Tiger just the latest to complete a great golfing comeback
Few sporting moments in recent times have been as emotional as Tiger Woods finally getting back into the winner’s circle by lifting the Tour Championship at East Lake.
He was written off by most as debilitating injuries and back surgeries left him simply hoping to live a pain-free life rather than contemplating returning to the summit of the golfing mountain.
But fierce competitor that he is, the three-time Champion Golfer of the Year has battled his way back to the peak in the most memorable of ways and there appears plenty more to come.
So, what better time for us to take a look at some of the greatest golfing comebacks of all-time.
Tiger finds his roar
Tiger Woods looked destined to end his career with a frankly remarkable 79 PGA Tour victories to his name.
But on Sunday, he held off the field to win the Tour Championship by two shots and earn PGA Tour title number 80 – a full five years, one month and 19 days after winning number 79, the 2013 Bridgestone Invitational.
After two years of barely playing competitive golf due to chronic back pain and dropping out of the world’s top 1000 – an almost unthinkable decline for a man who dominated the sport for so long – Woods began his resurgence on a more restricted schedule.
As 2018 has progressed he has become noticeably more confident in his body’s – specifically his newly-fused back – ability to withstand the rigours of professional golf and the tournament sharpness has gradually returned.
Leading The Open at Carnoustie heading into the back nine on Sunday proved he was capable of competing once more and the 42-year-old completed the fairytale in Atlanta before revelling in the hard-fought nature of the triumph.
“It was a grind out there,’’ Woods said. “I loved every bit of it. The fight and the grind and the tough conditions – I just had to suck it up and hit shots, and I loved every bit of it.
“I was pretty emotional when Rory [playing partner, McIlroy] was tapping out, he was finishing out.
“I looked around, and the tournament was over because I’d already put the bunker shot on the green, and I’d won [PGA Tour title] 80. Eighty is a big number. I’ve been sitting on 79 for about five years now and to get 80 is a pretty damned good feeling.’’
Ben Hogan is in the conversation as the greatest golfer of all time but his golfing comeback is also among the most impressive.
In 1949, Hogan had virtually been pronounced dead after a horrific accident when his car collided with a Greyhound bus and was so badly injured (he suffered a broken clavical, a complex pelvic fracture, a fractured ankle, broken ribs, facial injuries and nearly died in the hospital from blood clots) that he had to learn how to walk again.
His recovery and return to golf became the basis for the film Follow the Sun, starring Glenn Ford, yet remarkably, just a year after his crash, he triumphed at the US Open.
He had won that particular major twice more, in 1951 and ‘53 – as well as two Masters – by the time The Open rolled around in 1953.
On this day in 1912, the legendary Ben Hogan was born 🎉— The Open (@TheOpen) August 13, 2018
Ahead of The 147th Open at Carnoustie, we sent @RickShielsPGA to Carnoustie and set him the challenge of hitting the narrow fairway of Hogan's Alley using one of Ben Hogan's clubs! 🏌️ pic.twitter.com/OyKRHXAWUa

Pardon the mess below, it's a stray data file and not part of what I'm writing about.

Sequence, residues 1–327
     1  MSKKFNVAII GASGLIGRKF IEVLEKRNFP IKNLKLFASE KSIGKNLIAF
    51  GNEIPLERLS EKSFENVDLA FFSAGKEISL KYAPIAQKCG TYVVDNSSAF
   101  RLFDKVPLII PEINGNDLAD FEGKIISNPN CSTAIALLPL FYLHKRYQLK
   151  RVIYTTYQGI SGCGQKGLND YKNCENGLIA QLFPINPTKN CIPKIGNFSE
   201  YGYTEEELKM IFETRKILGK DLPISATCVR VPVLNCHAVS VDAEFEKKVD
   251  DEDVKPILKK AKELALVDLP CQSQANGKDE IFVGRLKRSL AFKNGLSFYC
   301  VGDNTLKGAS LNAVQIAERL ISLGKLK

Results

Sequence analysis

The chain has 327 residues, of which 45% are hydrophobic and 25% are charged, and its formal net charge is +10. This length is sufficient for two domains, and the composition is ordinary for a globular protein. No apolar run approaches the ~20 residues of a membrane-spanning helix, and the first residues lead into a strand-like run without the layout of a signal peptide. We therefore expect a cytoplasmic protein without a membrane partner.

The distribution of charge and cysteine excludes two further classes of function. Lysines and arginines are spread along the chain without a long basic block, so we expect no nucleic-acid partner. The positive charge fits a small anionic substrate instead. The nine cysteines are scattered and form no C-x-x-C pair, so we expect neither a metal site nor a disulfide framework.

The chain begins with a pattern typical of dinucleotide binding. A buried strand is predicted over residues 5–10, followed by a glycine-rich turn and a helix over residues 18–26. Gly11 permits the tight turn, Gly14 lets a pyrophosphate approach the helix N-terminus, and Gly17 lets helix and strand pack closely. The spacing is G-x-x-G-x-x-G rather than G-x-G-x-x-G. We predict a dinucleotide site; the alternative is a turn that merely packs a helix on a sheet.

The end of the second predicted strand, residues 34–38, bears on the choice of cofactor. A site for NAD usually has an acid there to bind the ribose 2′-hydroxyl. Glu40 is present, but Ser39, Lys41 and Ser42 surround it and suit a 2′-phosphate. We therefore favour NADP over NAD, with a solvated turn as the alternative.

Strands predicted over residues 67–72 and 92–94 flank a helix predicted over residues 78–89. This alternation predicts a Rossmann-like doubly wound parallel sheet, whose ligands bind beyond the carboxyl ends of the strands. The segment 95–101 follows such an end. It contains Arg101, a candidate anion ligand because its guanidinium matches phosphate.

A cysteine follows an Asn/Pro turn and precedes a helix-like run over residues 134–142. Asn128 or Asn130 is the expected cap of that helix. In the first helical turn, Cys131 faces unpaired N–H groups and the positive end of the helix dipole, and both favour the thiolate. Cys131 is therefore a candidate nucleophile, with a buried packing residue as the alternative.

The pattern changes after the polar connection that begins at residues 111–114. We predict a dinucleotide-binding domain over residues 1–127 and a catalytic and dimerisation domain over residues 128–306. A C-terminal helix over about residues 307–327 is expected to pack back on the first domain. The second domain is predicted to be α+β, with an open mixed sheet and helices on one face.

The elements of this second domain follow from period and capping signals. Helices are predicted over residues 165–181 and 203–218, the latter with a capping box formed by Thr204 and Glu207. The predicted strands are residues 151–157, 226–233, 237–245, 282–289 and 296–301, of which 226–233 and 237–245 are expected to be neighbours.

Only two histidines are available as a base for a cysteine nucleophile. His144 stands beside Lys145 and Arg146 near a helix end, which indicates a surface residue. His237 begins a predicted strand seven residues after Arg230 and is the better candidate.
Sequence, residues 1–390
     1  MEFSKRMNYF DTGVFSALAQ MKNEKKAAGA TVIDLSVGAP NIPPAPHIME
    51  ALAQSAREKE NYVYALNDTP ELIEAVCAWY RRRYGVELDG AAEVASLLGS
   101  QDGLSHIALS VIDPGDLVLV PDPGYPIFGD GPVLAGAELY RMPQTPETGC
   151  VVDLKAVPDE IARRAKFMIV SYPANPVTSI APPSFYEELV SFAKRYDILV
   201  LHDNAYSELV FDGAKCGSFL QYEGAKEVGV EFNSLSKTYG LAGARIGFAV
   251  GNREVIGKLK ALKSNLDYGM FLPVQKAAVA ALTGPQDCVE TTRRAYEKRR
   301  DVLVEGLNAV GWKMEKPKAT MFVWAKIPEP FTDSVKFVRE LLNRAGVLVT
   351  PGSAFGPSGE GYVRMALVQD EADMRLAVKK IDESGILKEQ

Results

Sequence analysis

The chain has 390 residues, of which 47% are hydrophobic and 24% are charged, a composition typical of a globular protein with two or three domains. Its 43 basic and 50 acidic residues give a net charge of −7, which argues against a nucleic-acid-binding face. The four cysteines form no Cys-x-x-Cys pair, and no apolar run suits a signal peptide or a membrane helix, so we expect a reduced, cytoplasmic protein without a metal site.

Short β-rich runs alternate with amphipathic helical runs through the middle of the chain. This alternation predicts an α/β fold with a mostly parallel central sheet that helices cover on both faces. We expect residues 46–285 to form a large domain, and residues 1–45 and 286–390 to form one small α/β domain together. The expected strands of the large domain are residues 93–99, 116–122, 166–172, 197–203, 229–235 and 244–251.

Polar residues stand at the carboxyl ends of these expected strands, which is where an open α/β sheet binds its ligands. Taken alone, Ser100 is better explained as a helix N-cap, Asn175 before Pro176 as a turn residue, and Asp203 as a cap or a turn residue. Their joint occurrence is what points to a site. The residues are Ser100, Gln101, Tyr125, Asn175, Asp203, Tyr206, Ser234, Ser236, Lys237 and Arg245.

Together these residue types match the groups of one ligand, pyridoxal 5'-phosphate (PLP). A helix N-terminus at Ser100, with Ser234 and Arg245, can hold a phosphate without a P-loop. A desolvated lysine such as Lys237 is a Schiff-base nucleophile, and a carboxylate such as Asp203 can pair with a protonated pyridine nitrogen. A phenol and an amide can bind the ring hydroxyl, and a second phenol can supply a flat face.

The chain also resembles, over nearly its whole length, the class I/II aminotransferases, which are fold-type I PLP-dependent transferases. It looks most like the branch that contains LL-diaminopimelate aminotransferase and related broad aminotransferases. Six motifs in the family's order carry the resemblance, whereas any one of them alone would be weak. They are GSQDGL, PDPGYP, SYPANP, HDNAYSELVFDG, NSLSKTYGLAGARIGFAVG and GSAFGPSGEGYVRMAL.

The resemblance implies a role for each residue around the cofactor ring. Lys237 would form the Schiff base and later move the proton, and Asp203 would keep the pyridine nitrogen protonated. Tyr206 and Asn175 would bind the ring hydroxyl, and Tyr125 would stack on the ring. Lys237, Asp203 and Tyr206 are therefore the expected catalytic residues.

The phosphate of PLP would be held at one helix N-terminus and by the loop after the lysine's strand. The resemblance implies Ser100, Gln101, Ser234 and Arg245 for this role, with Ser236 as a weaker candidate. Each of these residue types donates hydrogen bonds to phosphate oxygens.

Then aged 40, Hogan had never before competed at The Open, and ultimately his only other visit to Britain would be for the 1956 Canada Cup at Wentworth, but on his first and only try, he became Champion Golfer of the Year at Carnoustie.
It completed a remarkable comeback, the like of which will probably never be seen again.
No chink in the Armour
They don’t make them like they used to… Today’s golfers may have to overcome plenty of adversity to reach the top of the sport but it’s unlikely that any of them will have to recover from lying in an army hospital bed with a shattered arm, a metal plate in their head and completely blind from exposure to mustard gas.
But Tommy Armour did.
The Silver Scot produced a frankly ridiculous comeback to go from the condition stated above to winning the first of his three major titles in just ten years.
Armour always had a certain aura around him – stories of him single-handedly capturing a German tank and strangling the tank commander with his bare hands when he refused to surrender circulated after he served in the newly-created Tank Corps in the British Army during World War I.
Regardless of that particular tale’s veracity, his war heroics earned him an audience with King George V and once he regained sight in his right eye – he would remain blind in his left for the rest of his life – he concentrated on reaching the golfing pinnacle.
He did this by winning the 1927 US Open, before clinching the 1930 PGA Championship and, perhaps his greatest achievement, lifting the Claret Jug at Carnoustie by becoming Champion Golfer of the Year in 1931.
Stenson regains his cool
Henrik Stenson’s decline wasn’t caused by injuries, a car crash or being shelled with mustard gas in France during WWI but that doesn’t make his comeback any less impressive.
The Swede had won the prestigious Players Championship in 2009 and moved to No.4 in the world when news broke that he had fallen victim to a Ponzi scheme orchestrated by one of his sponsors, Stanford Financial Group.
Stenson apparently lost as much as $7million and those off-course woes appeared to affect his golf as he slid to No.230 in the world rankings by February 2012.
However, Stenson recaptured his best form – a second-placed finish at The Open in 2013 proving a turning point – before memorably becoming Champion Golfer of the Year at Royal Troon in 2016 by outduelling Phil Mickelson on an enthralling final day.
It was a fitting comeback for the Swede, who had regained his ice-cool exterior.